American Morning

Tune in at 6am Eastern for all the news you need to start your day.
November 6th, 2009
06:44 AM ET

Ian's Law aims to close health insurance loophole

By Jim Acosta

It doesn't happen often, but every once in a while we get to do a story that has a real life-changing impact on somebody's life. Ian Pearl is one of those stories. He's the disabled man we profiled last month. Living on a respirator with muscular dystrophy, he was just weeks away from losing his health insurance.

His insurance company, Guardian, had canceled his coverage. Guardian had found a loophole in New York state law that allowed the company to drop his coverage as part of a slew of policies it had decided to dump. The Pearl family's lawyer showed us a Guardian company e-mail that had referred to Ian's policy as one of the "dogs." It was a reference to the fact that Ian's care costs a million dollars a year.

Well, one day after the story aired, the company reversed itself, apologized, and restored Ian's policy.

But the story doesn't end there. New York State Senator Eric Schneiderman has now announced legislation called "Ian's Law," which seeks to close that insurance loophole.

Because of Ian's condition, he couldn't make it to the news conference. But he appeared via video conference and announced his intention to see this law passed across the country and potentially on a national level.

Watch Ian speak at the news conference

One thing we didn't get to mention in our piece is that as a kid, Ian was a poster child for people with muscular dystrophy. He later became president of his high school.

Now Ian is a spokesman and leader once again, fighting for health care reforms that protect the disabled from a system that sometimes fails to safeguard this country's most vulnerable people.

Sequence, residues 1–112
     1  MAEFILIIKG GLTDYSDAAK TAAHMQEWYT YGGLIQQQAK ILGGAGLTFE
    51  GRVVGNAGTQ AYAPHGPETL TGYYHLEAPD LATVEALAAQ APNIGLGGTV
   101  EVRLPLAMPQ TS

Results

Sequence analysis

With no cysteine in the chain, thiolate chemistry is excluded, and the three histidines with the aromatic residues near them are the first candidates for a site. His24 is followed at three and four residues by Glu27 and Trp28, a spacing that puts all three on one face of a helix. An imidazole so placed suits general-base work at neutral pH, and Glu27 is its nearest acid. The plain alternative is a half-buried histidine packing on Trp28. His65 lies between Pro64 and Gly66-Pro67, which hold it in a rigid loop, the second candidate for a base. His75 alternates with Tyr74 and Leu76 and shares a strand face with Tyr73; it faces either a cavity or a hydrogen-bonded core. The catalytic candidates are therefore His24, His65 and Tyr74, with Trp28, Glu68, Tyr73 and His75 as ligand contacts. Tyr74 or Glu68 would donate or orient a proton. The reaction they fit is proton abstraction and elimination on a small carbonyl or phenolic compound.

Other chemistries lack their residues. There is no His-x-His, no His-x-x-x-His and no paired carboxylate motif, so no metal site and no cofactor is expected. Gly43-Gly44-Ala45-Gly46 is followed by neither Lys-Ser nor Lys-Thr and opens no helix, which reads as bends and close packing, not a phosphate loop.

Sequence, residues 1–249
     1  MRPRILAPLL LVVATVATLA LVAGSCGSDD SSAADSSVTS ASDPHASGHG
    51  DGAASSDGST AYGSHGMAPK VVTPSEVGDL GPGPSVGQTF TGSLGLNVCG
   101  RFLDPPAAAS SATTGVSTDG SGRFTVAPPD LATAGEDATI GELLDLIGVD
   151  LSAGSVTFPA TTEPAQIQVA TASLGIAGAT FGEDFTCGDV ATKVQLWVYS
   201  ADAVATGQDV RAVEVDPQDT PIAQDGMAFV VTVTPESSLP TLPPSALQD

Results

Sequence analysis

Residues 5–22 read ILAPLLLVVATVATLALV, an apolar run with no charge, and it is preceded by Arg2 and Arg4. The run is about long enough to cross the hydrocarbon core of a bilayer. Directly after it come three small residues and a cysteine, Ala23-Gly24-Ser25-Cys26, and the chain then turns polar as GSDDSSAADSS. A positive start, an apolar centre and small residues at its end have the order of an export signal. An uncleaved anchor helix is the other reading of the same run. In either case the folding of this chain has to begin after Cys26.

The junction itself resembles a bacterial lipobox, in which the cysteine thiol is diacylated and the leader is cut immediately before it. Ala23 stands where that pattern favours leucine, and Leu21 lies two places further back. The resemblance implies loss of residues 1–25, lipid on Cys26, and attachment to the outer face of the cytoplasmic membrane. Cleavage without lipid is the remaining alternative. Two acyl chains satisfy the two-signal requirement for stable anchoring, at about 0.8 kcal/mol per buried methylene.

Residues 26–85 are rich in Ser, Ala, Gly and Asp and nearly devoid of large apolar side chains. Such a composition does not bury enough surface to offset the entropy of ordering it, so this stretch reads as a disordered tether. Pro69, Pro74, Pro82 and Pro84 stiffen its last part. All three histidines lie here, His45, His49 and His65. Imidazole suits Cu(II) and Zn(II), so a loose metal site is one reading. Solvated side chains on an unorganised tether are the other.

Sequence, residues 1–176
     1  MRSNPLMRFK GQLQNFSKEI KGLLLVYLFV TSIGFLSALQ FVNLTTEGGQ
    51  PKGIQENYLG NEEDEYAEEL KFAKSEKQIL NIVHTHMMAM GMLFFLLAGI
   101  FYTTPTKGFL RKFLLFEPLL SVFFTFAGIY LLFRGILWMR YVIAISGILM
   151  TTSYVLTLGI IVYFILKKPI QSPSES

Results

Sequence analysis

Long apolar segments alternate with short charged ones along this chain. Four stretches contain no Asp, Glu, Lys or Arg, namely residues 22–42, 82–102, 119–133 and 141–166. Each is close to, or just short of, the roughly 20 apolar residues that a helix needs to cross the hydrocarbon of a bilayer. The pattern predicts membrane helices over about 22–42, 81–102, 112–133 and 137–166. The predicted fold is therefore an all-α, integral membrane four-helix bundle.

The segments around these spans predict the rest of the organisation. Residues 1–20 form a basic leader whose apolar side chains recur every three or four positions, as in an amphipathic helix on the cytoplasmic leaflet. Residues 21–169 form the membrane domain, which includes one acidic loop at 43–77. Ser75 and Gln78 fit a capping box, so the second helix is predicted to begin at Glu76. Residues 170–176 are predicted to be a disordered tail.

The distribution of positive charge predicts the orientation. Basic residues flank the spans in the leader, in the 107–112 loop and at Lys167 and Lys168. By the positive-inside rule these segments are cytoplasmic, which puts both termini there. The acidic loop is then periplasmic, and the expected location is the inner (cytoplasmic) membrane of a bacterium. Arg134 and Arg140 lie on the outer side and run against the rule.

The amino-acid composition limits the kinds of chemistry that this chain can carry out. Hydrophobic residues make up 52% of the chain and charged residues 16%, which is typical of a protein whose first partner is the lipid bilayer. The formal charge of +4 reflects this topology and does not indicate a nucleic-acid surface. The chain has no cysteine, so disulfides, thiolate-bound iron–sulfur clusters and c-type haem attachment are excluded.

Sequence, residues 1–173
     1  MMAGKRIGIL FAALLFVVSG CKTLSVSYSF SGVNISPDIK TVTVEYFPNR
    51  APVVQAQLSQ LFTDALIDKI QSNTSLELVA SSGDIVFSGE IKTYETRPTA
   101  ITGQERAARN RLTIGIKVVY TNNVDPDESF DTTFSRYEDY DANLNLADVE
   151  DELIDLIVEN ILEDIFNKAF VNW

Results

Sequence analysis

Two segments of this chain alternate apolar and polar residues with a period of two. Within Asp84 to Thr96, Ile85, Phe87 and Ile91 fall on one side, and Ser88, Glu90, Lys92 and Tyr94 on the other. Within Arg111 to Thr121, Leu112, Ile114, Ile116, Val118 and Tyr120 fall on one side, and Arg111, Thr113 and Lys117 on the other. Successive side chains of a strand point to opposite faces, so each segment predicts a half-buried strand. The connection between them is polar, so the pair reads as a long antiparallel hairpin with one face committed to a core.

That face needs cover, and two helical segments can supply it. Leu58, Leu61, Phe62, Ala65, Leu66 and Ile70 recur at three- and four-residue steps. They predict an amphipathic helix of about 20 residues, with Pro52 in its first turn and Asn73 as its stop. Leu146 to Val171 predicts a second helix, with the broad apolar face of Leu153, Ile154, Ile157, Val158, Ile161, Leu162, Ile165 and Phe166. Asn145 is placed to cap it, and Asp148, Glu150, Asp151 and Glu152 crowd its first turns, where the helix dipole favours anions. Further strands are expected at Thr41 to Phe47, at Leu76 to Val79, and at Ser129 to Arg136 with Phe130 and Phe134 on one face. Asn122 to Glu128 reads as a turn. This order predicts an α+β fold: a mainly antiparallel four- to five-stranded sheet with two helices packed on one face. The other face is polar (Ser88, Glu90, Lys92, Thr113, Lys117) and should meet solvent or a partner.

Related: Insurance company does an about-face


Filed under: Health • Politics
soundoff (7 Responses)
  1. Kathie

    On health care in general, a question: does the Health Insurance Plan for Congress contain abortion funding?

    November 10, 2009 at 8:11 am |
  2. independent

    How these insurance companies can live with themselves are beyond human comprehension. I hope the public option puts them ALL out of business. I think it's called karma.

    November 7, 2009 at 9:14 pm |
  3. Richard Pifer

    It costs $2740/day to keep this guy healthy. To put that in perspective, that is equivalent to six other people, who make $28.54/hr, sacrificing their lives by working 16 hour days, seven days a week, and keeping none of the money for themselves. Either this guy has some unbelievable medical needs, or someone is ripping off the insurance company and their other clients.

    November 6, 2009 at 6:15 pm |
  4. David Riley

    Since the reporting of the tragic events of yesterday and the release of the gunman being a psychiatrist, I have not heard that the highest rate of suicides among any proffession is psychiatrists. With the fact that the gunman's religion was Islam and he was a psychiatrist made him that much more vulnerable to tragedy.

    November 6, 2009 at 8:03 am |
  5. Old Man Rants

    Why is it that organizations have to be 'embarrassed' into doing the right thing? This story and the one regarding potential deportation of the military wife are only the most recent examples of such bad practices of organizations. Is it that employees of these organizations feel so hapless that they take their frustrations out on 'faceless' constituents who ultimately pay their salary – I don’t know. It just seems to me that people have forgotten that Customer Service is a verb as well as a noun. Unfortunately, all of the action seems to have been taken out of it.

    November 6, 2009 at 7:46 am |
  6. ira goldberg

    Great story . independent media is so important. to be our eyes and ears and help watch over us form all sides.
    thanks for a happy ending.I have child with special needs. MY insurance in new york oxford has been great i have there HMO.There staff and doctors have always been helpful .One time my son need a procedure and they pay a top doctor at Columbia-Presbyterian to do the surgery.

    November 6, 2009 at 7:13 am |